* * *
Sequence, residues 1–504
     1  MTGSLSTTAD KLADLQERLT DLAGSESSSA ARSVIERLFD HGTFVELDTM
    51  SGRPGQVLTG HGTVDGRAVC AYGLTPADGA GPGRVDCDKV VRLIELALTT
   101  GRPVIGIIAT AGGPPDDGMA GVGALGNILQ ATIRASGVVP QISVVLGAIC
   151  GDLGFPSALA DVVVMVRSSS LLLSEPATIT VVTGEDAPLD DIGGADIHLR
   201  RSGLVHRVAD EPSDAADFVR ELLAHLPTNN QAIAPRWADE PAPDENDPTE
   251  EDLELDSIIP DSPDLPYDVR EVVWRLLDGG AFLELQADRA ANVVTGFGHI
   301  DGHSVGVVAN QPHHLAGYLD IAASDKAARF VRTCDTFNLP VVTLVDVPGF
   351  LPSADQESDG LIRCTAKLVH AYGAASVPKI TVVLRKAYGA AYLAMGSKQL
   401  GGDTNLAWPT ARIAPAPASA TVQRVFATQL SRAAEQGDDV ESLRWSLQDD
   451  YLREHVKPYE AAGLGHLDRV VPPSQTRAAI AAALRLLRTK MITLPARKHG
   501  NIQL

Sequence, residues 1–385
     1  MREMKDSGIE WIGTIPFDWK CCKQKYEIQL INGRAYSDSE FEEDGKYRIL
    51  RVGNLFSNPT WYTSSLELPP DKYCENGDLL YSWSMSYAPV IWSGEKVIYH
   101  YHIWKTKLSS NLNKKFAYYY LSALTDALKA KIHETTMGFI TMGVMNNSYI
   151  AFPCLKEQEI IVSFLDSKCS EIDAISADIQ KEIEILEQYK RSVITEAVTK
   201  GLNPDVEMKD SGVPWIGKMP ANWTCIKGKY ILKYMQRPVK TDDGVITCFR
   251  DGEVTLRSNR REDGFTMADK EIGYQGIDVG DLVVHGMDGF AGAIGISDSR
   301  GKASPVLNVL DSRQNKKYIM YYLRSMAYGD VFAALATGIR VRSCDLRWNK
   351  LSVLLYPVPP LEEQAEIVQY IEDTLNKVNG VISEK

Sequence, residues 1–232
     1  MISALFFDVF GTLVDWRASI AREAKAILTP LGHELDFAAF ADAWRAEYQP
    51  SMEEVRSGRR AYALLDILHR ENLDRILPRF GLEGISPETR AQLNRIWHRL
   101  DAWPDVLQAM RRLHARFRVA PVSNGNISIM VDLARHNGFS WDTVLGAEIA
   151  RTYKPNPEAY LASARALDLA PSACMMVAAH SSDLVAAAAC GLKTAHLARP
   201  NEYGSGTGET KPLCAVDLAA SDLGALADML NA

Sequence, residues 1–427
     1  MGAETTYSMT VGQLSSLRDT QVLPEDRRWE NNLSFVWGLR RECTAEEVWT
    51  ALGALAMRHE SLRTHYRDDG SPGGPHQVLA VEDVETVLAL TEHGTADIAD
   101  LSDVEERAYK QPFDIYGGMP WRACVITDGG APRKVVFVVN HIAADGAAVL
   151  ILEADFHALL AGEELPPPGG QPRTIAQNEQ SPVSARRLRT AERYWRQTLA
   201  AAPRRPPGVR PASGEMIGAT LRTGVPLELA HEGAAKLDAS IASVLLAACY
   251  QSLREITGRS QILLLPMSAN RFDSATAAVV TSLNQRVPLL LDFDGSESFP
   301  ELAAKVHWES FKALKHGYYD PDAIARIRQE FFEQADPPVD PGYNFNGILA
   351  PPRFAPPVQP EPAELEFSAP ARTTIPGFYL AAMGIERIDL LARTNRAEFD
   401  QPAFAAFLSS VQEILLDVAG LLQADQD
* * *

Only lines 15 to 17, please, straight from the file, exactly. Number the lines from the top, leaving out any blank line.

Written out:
    51  RVGNLFSNPT WYTSSLELPP DKYCENGDLL YSWSMSYAPV IWSGEKVIYH
   101  YHIWKTKLSS NLNKKFAYYY LSALTDALKA KIHETTMGFI TMGVMNNSYI
   151  AFPCLKEQEI IVSFLDSKCS EIDAISADIQ KEIEILEQYK RSVITEAVTK